Over the past 12 hours, the water level had been increasing at the rate of about 1.5 centimeters per hour, Hein told ERR radio on April 6. "So it rose 20 centimeters between 8 o'clock last night and 8 o'clock this morning, and it continues to rise steadily."
According to Hein, almost his whole farm is flooded, with nary a dry spot left on the meadows. He recalled that last spring, the high water rose much faster in Soomaa, and that currently, the water level lies at about a meter lower than it did last year at the same time. "However, there is still a lot of snow left and a lot of water will be coming in from the uplands, so I believe that in a couple of days, it will be impossible to use cars for transport here," he said.
Hein said he hopes that this year, the high water will peak at 10-15 centimeters lower than it did last year. If it were not for his animals, the flooding would not have much of an effect on the life of the farmer who also organizes canoe trips as a sideline. The high water will only last for a couple of weeks, and for Hein, living in Soomaa and being free of city hassle are enough make up for the trouble.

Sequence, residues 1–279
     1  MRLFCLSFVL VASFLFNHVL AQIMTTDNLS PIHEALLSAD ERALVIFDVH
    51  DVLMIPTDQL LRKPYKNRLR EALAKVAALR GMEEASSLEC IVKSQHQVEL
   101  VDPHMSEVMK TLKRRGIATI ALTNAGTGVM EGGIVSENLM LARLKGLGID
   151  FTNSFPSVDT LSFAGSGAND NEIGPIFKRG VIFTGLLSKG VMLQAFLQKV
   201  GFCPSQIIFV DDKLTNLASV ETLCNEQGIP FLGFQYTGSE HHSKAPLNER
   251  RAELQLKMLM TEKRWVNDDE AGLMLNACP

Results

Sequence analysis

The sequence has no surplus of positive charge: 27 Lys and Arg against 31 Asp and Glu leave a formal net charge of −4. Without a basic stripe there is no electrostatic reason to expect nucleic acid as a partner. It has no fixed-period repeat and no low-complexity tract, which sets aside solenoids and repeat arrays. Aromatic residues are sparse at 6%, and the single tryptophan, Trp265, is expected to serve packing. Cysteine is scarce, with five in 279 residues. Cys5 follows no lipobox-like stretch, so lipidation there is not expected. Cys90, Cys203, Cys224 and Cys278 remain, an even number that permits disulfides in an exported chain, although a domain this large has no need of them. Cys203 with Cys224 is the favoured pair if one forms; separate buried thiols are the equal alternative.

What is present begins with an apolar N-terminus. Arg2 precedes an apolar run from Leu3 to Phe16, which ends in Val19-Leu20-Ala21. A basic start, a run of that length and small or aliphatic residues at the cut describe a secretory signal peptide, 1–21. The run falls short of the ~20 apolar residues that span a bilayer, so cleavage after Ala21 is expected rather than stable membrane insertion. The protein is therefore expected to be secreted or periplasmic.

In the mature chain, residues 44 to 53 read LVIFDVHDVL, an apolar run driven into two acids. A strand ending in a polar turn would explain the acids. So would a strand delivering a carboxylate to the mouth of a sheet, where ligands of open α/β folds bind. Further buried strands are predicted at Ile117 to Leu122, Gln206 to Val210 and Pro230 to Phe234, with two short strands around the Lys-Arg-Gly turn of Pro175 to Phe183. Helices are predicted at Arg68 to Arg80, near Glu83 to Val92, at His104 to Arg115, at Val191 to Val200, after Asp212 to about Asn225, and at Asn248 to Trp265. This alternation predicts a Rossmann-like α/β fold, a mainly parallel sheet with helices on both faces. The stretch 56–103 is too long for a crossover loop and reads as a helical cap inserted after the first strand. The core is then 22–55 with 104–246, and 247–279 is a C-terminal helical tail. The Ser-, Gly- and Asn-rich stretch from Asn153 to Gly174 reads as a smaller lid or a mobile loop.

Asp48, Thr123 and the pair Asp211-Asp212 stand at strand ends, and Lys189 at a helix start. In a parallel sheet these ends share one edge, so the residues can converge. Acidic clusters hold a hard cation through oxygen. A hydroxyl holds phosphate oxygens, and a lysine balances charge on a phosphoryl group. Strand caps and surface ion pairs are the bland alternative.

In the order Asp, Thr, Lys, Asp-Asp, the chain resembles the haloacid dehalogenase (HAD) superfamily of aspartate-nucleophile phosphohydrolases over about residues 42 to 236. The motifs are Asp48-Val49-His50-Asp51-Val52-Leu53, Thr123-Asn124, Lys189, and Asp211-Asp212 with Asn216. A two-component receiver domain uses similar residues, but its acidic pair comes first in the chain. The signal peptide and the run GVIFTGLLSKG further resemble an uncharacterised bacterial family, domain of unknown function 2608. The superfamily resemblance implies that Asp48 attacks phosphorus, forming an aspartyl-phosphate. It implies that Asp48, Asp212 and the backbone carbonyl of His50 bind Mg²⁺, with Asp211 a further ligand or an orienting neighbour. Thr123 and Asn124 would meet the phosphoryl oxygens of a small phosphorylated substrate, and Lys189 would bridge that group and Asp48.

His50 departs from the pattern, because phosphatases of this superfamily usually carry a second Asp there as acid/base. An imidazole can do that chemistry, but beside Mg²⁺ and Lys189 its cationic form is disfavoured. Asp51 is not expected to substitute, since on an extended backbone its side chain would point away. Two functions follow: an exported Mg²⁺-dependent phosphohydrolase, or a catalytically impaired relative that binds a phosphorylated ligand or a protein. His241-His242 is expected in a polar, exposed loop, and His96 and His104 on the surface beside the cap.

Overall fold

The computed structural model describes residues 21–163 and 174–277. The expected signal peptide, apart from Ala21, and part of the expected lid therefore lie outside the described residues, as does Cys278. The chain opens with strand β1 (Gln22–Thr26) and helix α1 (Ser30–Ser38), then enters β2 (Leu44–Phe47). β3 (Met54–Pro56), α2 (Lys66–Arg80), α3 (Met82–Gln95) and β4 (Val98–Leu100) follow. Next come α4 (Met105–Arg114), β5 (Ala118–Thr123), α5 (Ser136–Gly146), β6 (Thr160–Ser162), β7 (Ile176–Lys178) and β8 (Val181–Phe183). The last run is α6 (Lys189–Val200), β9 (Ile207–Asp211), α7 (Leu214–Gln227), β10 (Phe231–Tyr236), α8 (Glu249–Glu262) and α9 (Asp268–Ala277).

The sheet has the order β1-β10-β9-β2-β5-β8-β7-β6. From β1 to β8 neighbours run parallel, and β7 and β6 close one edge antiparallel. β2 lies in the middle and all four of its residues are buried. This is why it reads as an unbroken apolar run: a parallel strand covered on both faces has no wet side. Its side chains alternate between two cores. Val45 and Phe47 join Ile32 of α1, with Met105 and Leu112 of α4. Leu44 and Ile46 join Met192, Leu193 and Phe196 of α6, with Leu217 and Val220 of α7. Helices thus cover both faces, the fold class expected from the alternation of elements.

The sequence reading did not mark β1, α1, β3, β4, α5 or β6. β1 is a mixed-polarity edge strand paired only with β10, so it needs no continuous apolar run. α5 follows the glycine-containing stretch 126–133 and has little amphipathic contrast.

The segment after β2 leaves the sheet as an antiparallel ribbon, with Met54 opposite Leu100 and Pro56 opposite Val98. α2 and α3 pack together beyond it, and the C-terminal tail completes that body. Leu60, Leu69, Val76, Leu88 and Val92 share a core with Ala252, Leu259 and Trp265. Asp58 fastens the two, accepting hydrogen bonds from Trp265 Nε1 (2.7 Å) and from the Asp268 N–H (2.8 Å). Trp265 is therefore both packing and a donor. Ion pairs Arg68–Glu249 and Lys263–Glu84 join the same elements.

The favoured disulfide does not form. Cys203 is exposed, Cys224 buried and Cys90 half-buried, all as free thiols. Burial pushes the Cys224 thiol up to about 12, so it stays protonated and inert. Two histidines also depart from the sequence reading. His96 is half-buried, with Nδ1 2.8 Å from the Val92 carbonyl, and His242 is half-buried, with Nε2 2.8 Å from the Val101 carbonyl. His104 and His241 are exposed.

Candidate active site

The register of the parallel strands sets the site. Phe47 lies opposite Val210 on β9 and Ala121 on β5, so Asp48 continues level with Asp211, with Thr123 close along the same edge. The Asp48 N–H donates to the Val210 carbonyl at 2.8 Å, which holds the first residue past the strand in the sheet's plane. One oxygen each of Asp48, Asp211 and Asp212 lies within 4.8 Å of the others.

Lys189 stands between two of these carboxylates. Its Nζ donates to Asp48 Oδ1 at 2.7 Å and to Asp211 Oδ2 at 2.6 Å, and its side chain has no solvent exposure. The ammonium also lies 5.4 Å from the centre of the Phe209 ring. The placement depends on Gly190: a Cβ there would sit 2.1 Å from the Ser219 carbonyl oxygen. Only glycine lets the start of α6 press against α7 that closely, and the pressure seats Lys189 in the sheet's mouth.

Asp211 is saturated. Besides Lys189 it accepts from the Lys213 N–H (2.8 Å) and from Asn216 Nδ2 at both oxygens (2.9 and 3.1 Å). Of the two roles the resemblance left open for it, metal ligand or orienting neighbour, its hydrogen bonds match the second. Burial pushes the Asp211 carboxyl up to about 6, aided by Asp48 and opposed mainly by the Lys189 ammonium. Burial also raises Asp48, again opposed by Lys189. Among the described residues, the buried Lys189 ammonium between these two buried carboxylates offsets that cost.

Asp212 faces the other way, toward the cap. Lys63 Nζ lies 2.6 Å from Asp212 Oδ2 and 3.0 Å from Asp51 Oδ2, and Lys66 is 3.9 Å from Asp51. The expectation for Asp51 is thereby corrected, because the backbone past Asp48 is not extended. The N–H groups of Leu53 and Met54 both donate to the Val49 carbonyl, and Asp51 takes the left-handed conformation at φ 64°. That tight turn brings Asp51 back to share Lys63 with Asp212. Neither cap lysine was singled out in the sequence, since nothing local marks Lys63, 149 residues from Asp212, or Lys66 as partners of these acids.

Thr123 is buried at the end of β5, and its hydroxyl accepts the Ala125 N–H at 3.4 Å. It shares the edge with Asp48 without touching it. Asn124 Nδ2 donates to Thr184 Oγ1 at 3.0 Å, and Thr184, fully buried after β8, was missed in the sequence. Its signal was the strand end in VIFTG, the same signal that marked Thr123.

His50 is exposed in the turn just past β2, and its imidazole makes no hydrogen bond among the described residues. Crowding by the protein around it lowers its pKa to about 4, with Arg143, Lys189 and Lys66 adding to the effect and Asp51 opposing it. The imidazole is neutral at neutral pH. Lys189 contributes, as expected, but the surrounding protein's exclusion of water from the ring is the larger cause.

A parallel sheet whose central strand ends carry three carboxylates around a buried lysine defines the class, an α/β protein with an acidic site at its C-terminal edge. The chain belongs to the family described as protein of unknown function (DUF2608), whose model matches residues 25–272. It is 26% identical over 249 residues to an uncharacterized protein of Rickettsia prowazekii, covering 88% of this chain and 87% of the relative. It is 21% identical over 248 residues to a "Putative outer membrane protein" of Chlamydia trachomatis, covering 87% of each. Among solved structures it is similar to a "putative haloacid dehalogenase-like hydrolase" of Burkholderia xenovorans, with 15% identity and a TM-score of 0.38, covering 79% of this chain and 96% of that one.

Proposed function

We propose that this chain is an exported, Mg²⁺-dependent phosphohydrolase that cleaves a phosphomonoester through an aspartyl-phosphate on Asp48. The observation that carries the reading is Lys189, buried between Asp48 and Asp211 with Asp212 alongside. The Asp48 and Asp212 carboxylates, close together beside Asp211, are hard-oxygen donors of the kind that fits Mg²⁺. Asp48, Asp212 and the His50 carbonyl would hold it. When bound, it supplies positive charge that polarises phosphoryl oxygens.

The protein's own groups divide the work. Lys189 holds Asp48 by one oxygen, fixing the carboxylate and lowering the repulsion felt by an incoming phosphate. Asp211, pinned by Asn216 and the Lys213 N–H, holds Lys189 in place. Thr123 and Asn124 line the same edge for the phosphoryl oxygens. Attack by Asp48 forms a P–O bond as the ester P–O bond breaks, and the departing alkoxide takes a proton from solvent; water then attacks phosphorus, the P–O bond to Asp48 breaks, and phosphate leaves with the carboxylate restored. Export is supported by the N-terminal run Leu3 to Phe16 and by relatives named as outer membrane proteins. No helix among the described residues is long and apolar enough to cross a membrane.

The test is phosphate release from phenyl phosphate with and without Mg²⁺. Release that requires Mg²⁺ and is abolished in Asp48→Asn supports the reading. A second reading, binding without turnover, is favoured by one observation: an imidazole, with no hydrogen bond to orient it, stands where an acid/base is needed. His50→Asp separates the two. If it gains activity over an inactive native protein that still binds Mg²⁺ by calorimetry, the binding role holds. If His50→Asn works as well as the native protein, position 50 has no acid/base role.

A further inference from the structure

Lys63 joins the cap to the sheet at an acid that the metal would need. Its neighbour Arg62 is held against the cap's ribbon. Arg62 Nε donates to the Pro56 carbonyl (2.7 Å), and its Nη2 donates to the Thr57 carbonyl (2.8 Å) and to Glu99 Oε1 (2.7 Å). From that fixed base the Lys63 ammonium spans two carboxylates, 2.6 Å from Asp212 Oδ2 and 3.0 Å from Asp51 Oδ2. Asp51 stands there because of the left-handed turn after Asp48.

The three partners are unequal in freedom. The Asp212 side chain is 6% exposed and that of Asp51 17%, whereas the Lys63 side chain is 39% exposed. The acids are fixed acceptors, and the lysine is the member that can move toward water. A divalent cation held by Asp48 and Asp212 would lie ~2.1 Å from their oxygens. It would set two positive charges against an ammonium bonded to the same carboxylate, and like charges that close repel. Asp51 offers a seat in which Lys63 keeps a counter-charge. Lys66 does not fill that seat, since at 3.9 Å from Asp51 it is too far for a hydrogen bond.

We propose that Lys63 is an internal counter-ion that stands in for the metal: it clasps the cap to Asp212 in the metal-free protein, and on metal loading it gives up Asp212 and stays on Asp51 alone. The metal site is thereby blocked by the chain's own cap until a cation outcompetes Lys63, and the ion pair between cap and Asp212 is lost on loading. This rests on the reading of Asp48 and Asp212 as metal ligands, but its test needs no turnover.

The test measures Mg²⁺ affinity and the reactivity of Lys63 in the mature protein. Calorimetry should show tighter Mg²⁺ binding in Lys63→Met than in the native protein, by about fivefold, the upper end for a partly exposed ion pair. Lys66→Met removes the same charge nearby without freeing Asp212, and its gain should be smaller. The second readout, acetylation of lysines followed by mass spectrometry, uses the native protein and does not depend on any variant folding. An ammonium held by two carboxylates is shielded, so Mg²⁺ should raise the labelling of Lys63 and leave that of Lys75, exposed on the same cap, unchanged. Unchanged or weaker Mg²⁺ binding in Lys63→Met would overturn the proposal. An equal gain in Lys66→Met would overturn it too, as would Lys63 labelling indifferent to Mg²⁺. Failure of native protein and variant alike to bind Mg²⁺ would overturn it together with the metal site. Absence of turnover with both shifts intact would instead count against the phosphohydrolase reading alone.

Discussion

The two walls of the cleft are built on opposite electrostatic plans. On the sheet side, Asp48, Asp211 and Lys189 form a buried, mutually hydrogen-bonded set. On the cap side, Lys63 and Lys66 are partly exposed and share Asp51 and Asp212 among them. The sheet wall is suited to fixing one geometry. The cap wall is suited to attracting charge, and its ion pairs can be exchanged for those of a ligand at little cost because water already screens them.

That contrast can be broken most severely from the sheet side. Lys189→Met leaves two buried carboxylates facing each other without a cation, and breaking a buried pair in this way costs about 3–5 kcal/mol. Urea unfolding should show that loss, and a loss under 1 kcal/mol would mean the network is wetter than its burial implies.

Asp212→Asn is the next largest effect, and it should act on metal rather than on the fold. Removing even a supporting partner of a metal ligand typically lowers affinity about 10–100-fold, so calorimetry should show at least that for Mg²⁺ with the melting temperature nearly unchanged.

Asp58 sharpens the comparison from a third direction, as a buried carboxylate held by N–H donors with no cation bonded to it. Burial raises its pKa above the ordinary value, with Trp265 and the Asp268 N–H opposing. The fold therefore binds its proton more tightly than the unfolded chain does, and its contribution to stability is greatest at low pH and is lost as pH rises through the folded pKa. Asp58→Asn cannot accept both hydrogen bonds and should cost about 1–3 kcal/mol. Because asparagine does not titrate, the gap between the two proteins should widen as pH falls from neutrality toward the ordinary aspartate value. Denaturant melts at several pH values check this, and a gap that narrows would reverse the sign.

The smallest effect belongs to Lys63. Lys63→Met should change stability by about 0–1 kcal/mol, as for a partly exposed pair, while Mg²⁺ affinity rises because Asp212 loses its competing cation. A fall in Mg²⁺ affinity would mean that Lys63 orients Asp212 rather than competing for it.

Hein said that many birds can already be sighted in Soomaa. Among others, a pair of storks nesting nearby has returned.
Hein urged people who are planning to visit Soomaa by car to avoid driving in the same tracks on the dirt roads in the area in order to prevent deep ruts from forming. He added that in a few places, it is already possible to paddle a canoe. "The situation is changing by the hour," he said.